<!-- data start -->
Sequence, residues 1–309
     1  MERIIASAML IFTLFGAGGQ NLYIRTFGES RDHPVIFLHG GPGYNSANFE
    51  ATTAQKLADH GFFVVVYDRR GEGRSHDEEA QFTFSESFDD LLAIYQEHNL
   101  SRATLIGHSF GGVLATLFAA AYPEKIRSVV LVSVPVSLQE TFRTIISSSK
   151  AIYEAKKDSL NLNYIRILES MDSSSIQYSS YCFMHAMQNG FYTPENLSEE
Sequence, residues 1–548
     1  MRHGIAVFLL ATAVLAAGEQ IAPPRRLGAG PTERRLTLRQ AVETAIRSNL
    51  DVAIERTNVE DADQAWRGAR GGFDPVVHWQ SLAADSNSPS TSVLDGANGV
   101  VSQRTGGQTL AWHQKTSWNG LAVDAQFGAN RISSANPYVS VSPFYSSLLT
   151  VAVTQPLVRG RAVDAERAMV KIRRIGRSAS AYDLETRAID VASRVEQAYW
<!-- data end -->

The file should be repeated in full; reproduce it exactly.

Sequence, residues 1–309
     1  MERIIASAML IFTLFGAGGQ NLYIRTFGES RDHPVIFLHG GPGYNSANFE
    51  ATTAQKLADH GFFVVVYDRR GEGRSHDEEA QFTFSESFDD LLAIYQEHNL
   101  SRATLIGHSF GGVLATLFAA AYPEKIRSVV LVSVPVSLQE TFRTIISSSK
   151  AIYEAKKDSL NLNYIRILES MDSSSIQYSS YCFMHAMQNG FYTPENLSEE
Sequence, residues 1–548
     1  MRHGIAVFLL ATAVLAAGEQ IAPPRRLGAG PTERRLTLRQ AVETAIRSNL
    51  DVAIERTNVE DADQAWRGAR GGFDPVVHWQ SLAADSNSPS TSVLDGANGV
   101  VSQRTGGQTL AWHQKTSWNG LAVDAQFGAN RISSANPYVS VSPFYSSLLT
   151  VAVTQPLVRG RAVDAERAMV KIRRIGRSAS AYDLETRAID VASRVEQAYW